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Stunt Copycats Put MTV in a Spot

TIMES STAFF WRITER

Long before a 13-year-old suffered severe burns trying to replicate a stunt from the MTV show “Jackass,” its producers and network executives were worried about what kids might imitate.

Brian Graden, MTV’s president of programming, said copycat behavior was a concern from the early development stages of “Jackass.” The half-hour show features host Johnny Knoxville and other young men performing stunts that range from eating 50 hard-boiled eggs to being shot with a stun gun to swimming around in sewage.

“You can’t program for young adults and not be a steward of those airwaves as well, which is why MTV does so many pro-social campaigns and antidiscrimination campaigns,” Graden said in an interview with The Times eight days before the Jan. 26 incident that burned 13-year-old Jason Lind.

“So around ‘Jackass’ our concern--and Johnny [Knoxville] has been really great and just embraced this and been very public about this--our concern is anything that would be imitable. Most of the stunts are of a caliber that they couldn’t be imitable because you need all these wild props and professionals and all that. And anything that looks like it could be backyard antics we try to avoid, so people don’t get the idea that they should do that.”

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With two friends, Lind poured gasoline on his feet and legs and lighted them on fire at a friend’s house in Torrington, Conn. One boy, whose name has not been released, was charged with reckless endangerment. Lind is still in critical-stable condition at Shriner’s Hospital in Boston, which specializes in pediatric burn victims.

MTV officials declined to be interviewed for this story. The network hasn’t commented since the incident, except to issue a statement wishing Lind a speedy recovery and emphasizing that written and verbal warnings on every episode tell viewers not to try such stunts at home. The show carries the rating TV-MA, which means content may be unsuitable viewing for children younger than 17.

Typical of the “Jackass” sensibility, warnings on the first two episodes said: “The following show features stunts performed by professionals and/or total idiots. In either case, MTV insists that neither you or any of your dumb little buddies attempt the dangerous crap in this show.” By the third episode, it was changed to say stunts were performed “under very strict control and supervision. MTV and the producers insist that neither you or anyone else attempt to recreate or perform anything you have seen on this show.”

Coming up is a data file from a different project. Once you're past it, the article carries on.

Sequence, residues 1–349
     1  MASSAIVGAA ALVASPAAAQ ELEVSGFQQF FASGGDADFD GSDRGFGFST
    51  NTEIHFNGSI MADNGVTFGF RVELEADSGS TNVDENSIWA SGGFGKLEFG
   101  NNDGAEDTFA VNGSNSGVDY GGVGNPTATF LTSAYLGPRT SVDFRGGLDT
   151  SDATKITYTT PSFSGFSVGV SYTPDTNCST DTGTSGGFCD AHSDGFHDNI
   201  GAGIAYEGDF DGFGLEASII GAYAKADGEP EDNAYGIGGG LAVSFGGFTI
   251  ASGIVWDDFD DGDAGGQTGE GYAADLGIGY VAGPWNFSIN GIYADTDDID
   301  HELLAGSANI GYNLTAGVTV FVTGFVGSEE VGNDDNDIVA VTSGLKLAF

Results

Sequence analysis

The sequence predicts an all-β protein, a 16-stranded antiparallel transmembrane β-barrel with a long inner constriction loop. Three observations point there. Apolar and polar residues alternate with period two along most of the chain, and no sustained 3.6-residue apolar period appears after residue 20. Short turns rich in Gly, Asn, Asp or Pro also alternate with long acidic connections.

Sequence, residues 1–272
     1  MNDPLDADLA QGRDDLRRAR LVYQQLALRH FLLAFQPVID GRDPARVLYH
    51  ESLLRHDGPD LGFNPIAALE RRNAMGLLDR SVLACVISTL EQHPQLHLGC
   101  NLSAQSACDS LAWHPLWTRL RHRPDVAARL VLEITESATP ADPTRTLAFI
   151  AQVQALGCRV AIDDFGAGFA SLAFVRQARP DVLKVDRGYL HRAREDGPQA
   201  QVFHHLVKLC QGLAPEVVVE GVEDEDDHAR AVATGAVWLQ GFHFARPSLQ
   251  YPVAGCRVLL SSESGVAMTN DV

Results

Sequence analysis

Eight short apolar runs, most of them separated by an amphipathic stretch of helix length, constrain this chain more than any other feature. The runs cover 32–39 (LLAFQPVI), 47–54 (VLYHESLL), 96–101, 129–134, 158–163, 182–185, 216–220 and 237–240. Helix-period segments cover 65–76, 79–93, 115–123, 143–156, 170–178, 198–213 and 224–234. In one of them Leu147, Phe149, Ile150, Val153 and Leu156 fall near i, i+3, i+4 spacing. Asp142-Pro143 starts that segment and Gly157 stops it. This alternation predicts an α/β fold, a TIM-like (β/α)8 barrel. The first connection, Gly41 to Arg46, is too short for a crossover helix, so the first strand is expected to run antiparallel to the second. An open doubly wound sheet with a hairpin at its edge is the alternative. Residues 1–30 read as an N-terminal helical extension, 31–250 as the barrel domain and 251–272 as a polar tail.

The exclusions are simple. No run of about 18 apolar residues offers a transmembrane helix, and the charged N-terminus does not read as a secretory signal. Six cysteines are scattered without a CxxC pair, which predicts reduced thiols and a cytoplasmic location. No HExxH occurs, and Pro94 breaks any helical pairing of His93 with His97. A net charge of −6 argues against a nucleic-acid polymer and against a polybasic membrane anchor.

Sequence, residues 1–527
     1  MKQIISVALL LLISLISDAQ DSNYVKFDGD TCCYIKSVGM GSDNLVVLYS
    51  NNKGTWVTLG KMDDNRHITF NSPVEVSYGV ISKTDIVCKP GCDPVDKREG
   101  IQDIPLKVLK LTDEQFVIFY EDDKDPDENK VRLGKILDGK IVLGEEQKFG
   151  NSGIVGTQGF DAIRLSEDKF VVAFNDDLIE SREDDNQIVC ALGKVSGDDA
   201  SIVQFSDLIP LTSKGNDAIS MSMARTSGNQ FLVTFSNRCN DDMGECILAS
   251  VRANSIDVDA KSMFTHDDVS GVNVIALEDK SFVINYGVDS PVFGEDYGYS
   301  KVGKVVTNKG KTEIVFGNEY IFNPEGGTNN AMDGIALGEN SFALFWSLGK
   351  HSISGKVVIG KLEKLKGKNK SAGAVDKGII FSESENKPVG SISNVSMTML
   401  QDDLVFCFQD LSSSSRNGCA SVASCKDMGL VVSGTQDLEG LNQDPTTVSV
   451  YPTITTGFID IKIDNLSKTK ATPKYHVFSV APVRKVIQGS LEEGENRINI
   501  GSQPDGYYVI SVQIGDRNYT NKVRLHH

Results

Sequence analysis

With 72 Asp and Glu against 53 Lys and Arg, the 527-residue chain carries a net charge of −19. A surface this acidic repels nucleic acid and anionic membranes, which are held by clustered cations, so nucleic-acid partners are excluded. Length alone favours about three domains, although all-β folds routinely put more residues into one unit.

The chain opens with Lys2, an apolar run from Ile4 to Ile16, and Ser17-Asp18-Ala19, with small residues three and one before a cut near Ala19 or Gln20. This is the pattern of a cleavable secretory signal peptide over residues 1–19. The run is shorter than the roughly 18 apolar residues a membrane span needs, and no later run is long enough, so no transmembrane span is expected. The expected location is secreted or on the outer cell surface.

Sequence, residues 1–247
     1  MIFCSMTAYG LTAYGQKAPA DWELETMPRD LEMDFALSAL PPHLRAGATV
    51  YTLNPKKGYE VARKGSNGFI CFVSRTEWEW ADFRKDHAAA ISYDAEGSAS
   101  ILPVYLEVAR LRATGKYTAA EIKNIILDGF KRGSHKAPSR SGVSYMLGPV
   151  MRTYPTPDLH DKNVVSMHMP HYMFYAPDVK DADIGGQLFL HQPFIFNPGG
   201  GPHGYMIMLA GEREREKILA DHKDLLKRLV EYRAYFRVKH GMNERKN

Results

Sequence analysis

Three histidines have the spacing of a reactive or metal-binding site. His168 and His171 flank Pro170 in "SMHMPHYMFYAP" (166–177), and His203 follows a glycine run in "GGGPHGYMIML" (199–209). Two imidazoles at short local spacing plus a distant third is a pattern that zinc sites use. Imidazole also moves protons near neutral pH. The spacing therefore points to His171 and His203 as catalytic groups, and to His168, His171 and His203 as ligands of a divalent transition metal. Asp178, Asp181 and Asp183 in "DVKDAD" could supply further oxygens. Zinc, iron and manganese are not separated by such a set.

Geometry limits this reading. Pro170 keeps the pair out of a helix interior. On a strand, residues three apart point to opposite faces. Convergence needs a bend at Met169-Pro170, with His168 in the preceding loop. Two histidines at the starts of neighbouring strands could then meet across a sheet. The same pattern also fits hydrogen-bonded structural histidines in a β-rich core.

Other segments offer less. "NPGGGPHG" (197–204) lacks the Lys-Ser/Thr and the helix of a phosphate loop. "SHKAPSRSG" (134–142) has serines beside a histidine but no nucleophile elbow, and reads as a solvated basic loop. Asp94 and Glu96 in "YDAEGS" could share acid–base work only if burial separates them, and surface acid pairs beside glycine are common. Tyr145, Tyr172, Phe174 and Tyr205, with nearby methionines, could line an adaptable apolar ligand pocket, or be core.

In addition, particularly dangerous segments show a skull and crossbones in the corner of the TV screen. “If you watch the show, it’s almost ridiculous in terms of the number of warnings we put on it,” Graden said.

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The two stunts that are reported to have motivated Lind and his friends were shown in two separate episodes. In the “human barbecue” segment, Knoxville donned a fireproof suit, pinned steaks to the outside and cooked them by lying across a grill. In the other, a pyrotechnic expert dressed him in a fireproof suit and explained the dangers of the stunt. Knoxville was lighted on fire for 10 seconds and then doused with multiple fire extinguishers. Both segments carried the skull and crossbones.

Sen. Joseph I. Lieberman (D-Conn.), an outspoken critic of violence in movies and TV programs, condemned MTV for showing the stunt. Lind’s father phoned Lieberman’s office Monday, and the senator promised to contact MTV and parent company Viacom.

“The ideal would be to take the show off the air or change the standards for the program,” Dan Gerstein, communications director for Lieberman’s office, said. “At the minimum he’s going to ask that they put it on at an hour when it’s less accessible to children and with adequate warnings.” As it is now, he added, MTV mocks and trivializes the idea of a warning.

The regular time slot for “Jackass” is Sunday at 9 p.m., but MTV reruns episodes up to seven times a week at various hours, mostly on weekends. So far the network has made no decisions about whether to change the times or pull the episodes with the fire stunts.

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In 1993, MTV faced a similar situation. On two occasions, parents claimed their young children started fires after watching “Beavis and Butt-head,” on which the two animated characters burn things and snicker, “Fire is good.” After the second fire, in which a 2-year-old was killed, MTV deleted all references to fire in the show and eliminated a 7 p.m. broadcast.

MTV, with the agreement of the “Jackass” producers, already kept some stunts off the air. As part of the pilot episode, Knoxville tested several self-defense devices on himself, including pepper spray, a stun gun and a Taser gun. The footage, originally taped for a video put out by the skateboarding magazine Big Brother, included Knoxville testing a bulletproof vest by shooting himself with a .38-caliber handgun, which did not air. A video of Knoxville being deliberately hit by a car was also rejected.

“We want to push the envelope but we don’t want anyone to get hurt and try this at home,” Knoxville said in an interview Jan. 11. “So there are long talks with legal and standards about what we can shoot and can’t shoot.”

Concern for viewers’ safety is also the reason that “Jackass” does not accept videotaped submissions, Knoxville said.

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“Jackass” has been something of a cable phenomenon. Soon after its Oct. 8 debut, it was getting between 3 million and 4 million viewers on Sunday nights. Only eight 30-minute “Jackass” episodes have aired so far. Material for another 16 episodes has been filmed, and new shows are scheduled to begin airing Feb. 18.


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